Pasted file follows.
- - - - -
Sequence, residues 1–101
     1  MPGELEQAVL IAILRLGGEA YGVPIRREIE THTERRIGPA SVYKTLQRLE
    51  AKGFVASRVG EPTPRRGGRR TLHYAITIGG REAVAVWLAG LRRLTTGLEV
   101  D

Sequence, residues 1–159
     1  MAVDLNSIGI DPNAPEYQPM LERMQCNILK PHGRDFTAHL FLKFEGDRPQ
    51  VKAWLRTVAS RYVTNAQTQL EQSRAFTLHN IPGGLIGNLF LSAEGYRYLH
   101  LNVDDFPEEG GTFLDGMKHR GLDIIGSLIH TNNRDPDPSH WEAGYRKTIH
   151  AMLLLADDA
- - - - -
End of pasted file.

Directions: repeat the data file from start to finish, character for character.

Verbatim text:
Sequence, residues 1–101
     1  MPGELEQAVL IAILRLGGEA YGVPIRREIE THTERRIGPA SVYKTLQRLE
    51  AKGFVASRVG EPTPRRGGRR TLHYAITIGG REAVAVWLAG LRRLTTGLEV
   101  D

Sequence, residues 1–159
     1  MAVDLNSIGI DPNAPEYQPM LERMQCNILK PHGRDFTAHL FLKFEGDRPQ
    51  VKAWLRTVAS RYVTNAQTQL EQSRAFTLHN IPGGLIGNLF LSAEGYRYLH
   101  LNVDDFPEEG GTFLDGMKHR GLDIIGSLIH TNNRDPDPSH WEAGYRKTIH
   151  AMLLLADDA